Raccoon outside in the grass

Raccoons play a major role in maintaining the health of our ecosystem. As scavengers, these creatures are natural-born trash collectors and play a key role in cleaning up their environments. In addition to scavenging, raccoons help distribute seeds throughout the ecosystem through their herbivore diets consisting of berries, fruit and nuts. This seed dispersal aids in plant reproduction, which is key to the life cycles of a variety of plants. Through seemingly destructive digging habits, raccoons create soil turnover, which improves infiltration of water and nutrients, leading to improved aeration of the soil in the environment.   


They’re most active in spring, summer and fall, and tend to stay in their dens for most of the winter months. Mating season usually begins in late winter, with females giving birth to 1-6 kits in late April or May.   


Many people regard raccoons as mischievous pests, who can become a nuisance to your home or property, but they clearly serve a vital purpose for the health and growth of our ecosystem. Despite their importance, their presence still can pose a threat to your health or wellbeing––especially if they’re found living inside of your home. Wildlife found within your home, will be evicted or removed in the most humane way possible, with human and animal health as our top priority, with a long-term solution to prevent additional wildlife entry.    

Read Our Raccoon Removal Case Study


Raccoons Seek Refuge in Walls, Attics and Crawl Spaces

Raccoons are proficient climbers and can easily find their way into your home through an external entry hole. While attics and crawl spaces are one of the most common places to find a raccoon in your home, a resourceful raccoon can make a place for themselves just about anywhere in your space. If you hear a raccoon scampering around in your ceiling, there’s a good chance it could find its way down the wall voids in your attic.   


Perhaps one of the most common places to find a raccoon––or a whole family––is in your attic. Raccoons love quiet, dark, spaces where they can quietly raise their young out of harm’s way. Unfortunately for you, your attic meets every requirement on a raccoon’s new home checklist. Common areas raccoons can enter your attic include soffit vents, gable vents and roof vents. When raccoons are found in such a hard-to-reach space, a professional should be contacted to locate any dependent offspring and remove any suspecting adults.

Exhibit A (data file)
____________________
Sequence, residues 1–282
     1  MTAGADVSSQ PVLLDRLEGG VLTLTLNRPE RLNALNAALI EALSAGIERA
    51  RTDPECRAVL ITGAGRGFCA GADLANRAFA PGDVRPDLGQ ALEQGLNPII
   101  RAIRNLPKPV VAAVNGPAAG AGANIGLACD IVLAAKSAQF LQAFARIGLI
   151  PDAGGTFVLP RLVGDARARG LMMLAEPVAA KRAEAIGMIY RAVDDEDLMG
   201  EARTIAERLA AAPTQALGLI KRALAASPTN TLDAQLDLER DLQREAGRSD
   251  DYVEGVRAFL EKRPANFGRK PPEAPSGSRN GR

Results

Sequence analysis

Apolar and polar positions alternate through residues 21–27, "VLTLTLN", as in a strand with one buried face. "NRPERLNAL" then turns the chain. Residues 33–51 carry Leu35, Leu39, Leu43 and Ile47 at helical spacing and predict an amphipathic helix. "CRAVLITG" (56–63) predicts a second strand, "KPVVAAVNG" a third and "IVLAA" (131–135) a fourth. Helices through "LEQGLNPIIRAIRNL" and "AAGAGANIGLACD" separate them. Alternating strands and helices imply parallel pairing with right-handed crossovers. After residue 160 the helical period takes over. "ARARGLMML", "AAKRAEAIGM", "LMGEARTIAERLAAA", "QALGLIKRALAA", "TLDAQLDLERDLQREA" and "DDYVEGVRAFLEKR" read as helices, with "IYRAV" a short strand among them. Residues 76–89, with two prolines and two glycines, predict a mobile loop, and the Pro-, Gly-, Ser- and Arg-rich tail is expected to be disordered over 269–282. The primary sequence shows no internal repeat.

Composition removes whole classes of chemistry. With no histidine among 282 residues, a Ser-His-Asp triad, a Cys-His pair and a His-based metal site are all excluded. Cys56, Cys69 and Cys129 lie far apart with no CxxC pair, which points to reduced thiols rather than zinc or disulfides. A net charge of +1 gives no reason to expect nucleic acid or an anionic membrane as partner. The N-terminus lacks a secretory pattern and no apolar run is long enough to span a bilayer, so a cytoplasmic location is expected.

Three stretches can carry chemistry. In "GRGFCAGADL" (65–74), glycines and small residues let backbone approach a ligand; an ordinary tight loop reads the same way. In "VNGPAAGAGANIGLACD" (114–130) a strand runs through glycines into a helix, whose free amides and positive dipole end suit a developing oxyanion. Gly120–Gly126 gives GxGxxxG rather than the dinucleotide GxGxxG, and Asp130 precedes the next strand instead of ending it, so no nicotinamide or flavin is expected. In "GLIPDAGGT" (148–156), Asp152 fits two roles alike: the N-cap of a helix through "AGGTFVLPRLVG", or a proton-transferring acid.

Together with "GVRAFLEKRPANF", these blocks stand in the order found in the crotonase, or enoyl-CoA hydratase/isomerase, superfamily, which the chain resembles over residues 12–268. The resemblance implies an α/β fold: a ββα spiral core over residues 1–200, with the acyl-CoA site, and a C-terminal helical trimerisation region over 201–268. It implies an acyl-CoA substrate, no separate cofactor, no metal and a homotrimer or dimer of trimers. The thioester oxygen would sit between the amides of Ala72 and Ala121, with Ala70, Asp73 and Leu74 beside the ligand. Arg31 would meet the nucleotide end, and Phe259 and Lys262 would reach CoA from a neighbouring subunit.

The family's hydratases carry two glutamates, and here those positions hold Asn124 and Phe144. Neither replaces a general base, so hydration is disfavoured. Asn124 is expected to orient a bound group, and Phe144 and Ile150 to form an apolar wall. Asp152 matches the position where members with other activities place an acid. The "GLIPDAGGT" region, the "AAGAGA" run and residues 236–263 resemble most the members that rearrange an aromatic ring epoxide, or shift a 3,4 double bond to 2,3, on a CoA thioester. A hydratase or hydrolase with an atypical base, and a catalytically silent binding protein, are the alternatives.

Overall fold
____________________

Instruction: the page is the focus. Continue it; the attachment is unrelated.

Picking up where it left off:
raccoon eating a snack

Common Diseases Spread by Raccoons

Saliva, urine, feces and bites or scratches are the most common ways people get infected. If a person is infected, symptoms can range from moderate to severe and can even lead to death, in some cases. We strongly urge you to refrain from handling any wildlife, including raccoons. Remember, all it takes is one bite to contract rabies.

  • Rabies

  • Roundworm

  • Distemper

  • Parasites

What to Do If You Find a Raccoon in Your House

Since raccoons are most active at night, it can be hard for homeowners to even know they’re there. However, if you’ve found trash strewn across your yard, hear skittering in your attic or see scratch marks, these are signs that a raccoon has moved in.


Our removal process is the most up-to-date industry standards. To coax female raccoons out of the attic, we spray raccoon bull male pheromones to convince the female raccoon that her kits are in danger. Then, the female should take her kits and vacate the premises typically within 24 hours.